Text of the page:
Stereotyping is Not the Answer

Fan boy.  Troll.

Those are used a lot.  Most people don’t consider themselves those things or if they do they do it in jest.  But there’s a communication breakdown that occurs when discussing them in the context of feedback.  I myself comment on practically everything I read and listen to but not everyone is me.  There are a multitude of reasons I do those replies which include everything from interest in the topics to wanting to interact with the people who produced the media to wanting to gain attention to my music and podcast.

So this happened.  I’m sure opinions of G4 and Adam Sessler vary greatly as its not popular right now to be the popular kid, and this kid has a television station.  I don’t always agree with the guy and usually don’t find him funny, but I love hearing his thoughts and reasons.  What he preaches about is very much a problem and I thoroughly agree with everything he says in this clip.  I don’t think the world will ever change, but it is very much a problem.  But one part he doesn’t talk about is the disconnect between the audience, the reviewer, and whether a given person considers themselves a troll or fan boy.

Its very easy to dismiss people as fan boys or trolls.  They are words given to those we deem less than us.  Those people so out of control with their emotions and brand loyalty that they display an irrational opinion in the face of right (even though its impossible to be right on an opinion).  People who have to comment and insecurely defend whatever product, line, or franchise they love.  The problem is who in their right mind would think of themselves this way.  The only answer is no one.  Most people who interact with the internet via comments or  message boards have been called a fan boy or troll before.  I know I sure have.

Owning a PS3 in 2007 was not a pretty sight.  Oh there were plenty of games for it.  The problem was everyone and their dog being a giant dick because you had anything good to say about the device.  The general public would not accept my opinion it.  Period.  My liking of the PS3 back then was always whittled by message boards or comments down to things like being contrary for the sack of being contrary or, as should be predicted, being a Sony fan boy.  And let me tell you when people constantly attack you for holding to your love in these situations regularly, you start going on the defensive at the slightest jab.  Its not a pretty environment and its one that a person requires pretty thick skin to deal with reasonably.  Emotions are a very good thing that everyone should engage in, but anger is always blind, reckless, and needlessly damaging.

No one is ever going to identify themselves as a fan boy or troll except in jest or to avoid negative public feedback on a popular opinion they hold.  Calling people these names does absolutely no good what so ever.  All this whole article comes down to is everyone has an opinion and some people get paid for theirs.  A lot of us wish we got paid for ours.  Its alright to disagree with people, in fact I encourage it!  What I don’t encourage is trying to come off as superior when you do in any type of serious regard.  And if you are joking, you should mention it.  But really Wil Wheaton’s first rule of the internet is most imporant: Don’t be a dick!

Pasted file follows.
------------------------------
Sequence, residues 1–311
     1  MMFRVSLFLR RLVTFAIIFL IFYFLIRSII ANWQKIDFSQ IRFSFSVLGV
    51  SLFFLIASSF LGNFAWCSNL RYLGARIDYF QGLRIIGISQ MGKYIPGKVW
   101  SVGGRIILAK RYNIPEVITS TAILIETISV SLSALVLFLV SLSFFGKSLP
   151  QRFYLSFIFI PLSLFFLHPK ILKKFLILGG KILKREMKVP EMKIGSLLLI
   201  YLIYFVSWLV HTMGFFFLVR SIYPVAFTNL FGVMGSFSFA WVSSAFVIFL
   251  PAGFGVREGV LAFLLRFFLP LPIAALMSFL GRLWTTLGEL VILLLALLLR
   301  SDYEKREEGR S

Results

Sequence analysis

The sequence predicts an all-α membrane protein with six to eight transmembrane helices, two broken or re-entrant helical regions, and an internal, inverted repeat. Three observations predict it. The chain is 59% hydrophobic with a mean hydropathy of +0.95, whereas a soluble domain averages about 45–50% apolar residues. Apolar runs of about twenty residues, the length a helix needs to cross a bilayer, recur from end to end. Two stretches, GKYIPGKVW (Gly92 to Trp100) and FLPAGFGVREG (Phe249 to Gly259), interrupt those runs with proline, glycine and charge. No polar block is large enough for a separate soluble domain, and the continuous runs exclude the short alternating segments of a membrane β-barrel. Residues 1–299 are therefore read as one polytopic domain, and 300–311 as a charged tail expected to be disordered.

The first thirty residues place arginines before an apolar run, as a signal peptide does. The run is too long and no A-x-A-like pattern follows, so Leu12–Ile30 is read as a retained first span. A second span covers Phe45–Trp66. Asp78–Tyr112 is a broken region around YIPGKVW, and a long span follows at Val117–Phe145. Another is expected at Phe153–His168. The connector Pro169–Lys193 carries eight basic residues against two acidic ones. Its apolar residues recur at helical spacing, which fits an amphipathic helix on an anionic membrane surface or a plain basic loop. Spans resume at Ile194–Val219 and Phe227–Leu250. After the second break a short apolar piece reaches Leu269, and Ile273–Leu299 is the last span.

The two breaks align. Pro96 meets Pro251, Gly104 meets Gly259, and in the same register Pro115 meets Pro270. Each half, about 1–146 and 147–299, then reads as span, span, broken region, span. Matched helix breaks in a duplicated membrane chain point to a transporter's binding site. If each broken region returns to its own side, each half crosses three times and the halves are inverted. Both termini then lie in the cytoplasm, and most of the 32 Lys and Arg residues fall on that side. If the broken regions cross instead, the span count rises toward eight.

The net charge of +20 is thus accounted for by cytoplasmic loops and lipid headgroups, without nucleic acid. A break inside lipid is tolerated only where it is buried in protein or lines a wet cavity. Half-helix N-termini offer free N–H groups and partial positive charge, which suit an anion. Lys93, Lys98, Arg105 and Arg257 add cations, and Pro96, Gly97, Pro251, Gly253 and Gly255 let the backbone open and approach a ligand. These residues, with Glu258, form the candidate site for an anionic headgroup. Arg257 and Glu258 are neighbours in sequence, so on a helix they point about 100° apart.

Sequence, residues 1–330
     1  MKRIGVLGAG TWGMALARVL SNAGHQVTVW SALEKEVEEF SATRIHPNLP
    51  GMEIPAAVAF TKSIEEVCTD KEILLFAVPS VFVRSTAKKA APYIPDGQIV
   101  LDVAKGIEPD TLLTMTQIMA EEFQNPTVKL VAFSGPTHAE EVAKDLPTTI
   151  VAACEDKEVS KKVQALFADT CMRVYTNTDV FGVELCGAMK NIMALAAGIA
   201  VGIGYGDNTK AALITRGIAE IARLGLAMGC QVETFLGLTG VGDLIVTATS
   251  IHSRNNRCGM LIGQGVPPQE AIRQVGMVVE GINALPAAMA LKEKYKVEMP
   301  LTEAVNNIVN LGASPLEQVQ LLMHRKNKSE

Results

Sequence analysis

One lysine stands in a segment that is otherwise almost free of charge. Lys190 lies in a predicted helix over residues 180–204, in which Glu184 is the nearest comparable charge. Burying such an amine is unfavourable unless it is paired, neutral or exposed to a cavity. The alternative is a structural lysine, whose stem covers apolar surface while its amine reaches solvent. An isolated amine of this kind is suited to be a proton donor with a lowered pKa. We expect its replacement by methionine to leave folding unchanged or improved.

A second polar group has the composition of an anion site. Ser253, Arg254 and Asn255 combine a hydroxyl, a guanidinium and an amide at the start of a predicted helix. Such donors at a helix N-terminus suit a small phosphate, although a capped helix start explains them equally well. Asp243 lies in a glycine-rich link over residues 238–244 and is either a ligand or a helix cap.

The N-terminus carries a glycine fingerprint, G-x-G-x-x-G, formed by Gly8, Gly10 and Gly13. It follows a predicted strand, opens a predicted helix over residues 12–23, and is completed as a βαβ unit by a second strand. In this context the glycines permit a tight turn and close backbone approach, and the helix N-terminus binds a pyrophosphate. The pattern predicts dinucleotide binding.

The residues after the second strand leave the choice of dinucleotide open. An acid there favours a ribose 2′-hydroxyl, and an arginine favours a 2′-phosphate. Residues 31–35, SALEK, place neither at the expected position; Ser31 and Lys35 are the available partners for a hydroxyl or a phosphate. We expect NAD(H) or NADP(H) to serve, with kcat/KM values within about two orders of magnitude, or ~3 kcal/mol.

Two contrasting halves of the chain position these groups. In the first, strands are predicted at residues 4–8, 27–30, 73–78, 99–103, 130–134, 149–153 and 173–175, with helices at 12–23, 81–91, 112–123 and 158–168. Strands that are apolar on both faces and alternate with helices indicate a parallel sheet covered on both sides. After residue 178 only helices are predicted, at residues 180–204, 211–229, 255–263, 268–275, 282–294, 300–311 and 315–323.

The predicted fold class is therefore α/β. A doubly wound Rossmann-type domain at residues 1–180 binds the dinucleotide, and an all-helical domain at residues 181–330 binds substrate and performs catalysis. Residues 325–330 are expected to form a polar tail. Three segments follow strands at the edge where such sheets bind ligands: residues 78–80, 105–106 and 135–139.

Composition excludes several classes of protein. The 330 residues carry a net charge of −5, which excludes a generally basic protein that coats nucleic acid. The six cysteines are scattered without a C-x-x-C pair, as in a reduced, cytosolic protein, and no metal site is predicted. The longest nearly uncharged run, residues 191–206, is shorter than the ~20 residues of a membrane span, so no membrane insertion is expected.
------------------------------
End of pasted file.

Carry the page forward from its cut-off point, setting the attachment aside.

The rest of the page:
Here is my advice on reading reviews, as every review sight has a different philosophy on the function of their reviews.  For the simplest reading experience, know that the review is an opinion piece that is going to give you details about how a game functions and what that game is about.  For the more serious about their review reading, become familiar with the personalities of the writing stuff.  There’s no clone of you out there in the media world so you have to figure out where these reviewers differ from yourself.  If you have already bought the product be secure in whatever opinion you hold of the product.  You don’t have to agree with the website.  People will still understand you so long as you express yourself in big boy words.  And last but not least, some reviewers LOVE getting controversy.  Let that be your entertainment.  If they’re a good enough writer, despite their need to poke the dragon that is the internet from its slumber, they’ll still either cause your brain to move your neurons into thoughts or at the very least, educate you on aspects of the game you may not be privy to.

And to you reviewers, I know many of you think of the developers as your audience.  If so, you should rethink that one.  I’m sure developers do read your articles, but they aren’t the ones who provide your income.  I know their work is required for you to have a job but they are a minority and your job keeps them in business.  I’m not saying do what the audience wants.  But I am saying provide the audience with a piece that makes them think they’re getting what they want, but instead give them what they actually need.  As a reviewer you have direct impact on the public’s brain.  When you can write something and thousands or hundreds of thousands or millions of people read it, you have the means to teach.  And building a better society is going to happen if we teach people how to be better.  Right now we have some pretty lousy teachers in the political press.  People learn by example and you have that on your shoulders whether you want it or not.  Everyone messes up but not everyone gets back up.

With all that said, Trek is better than Wars.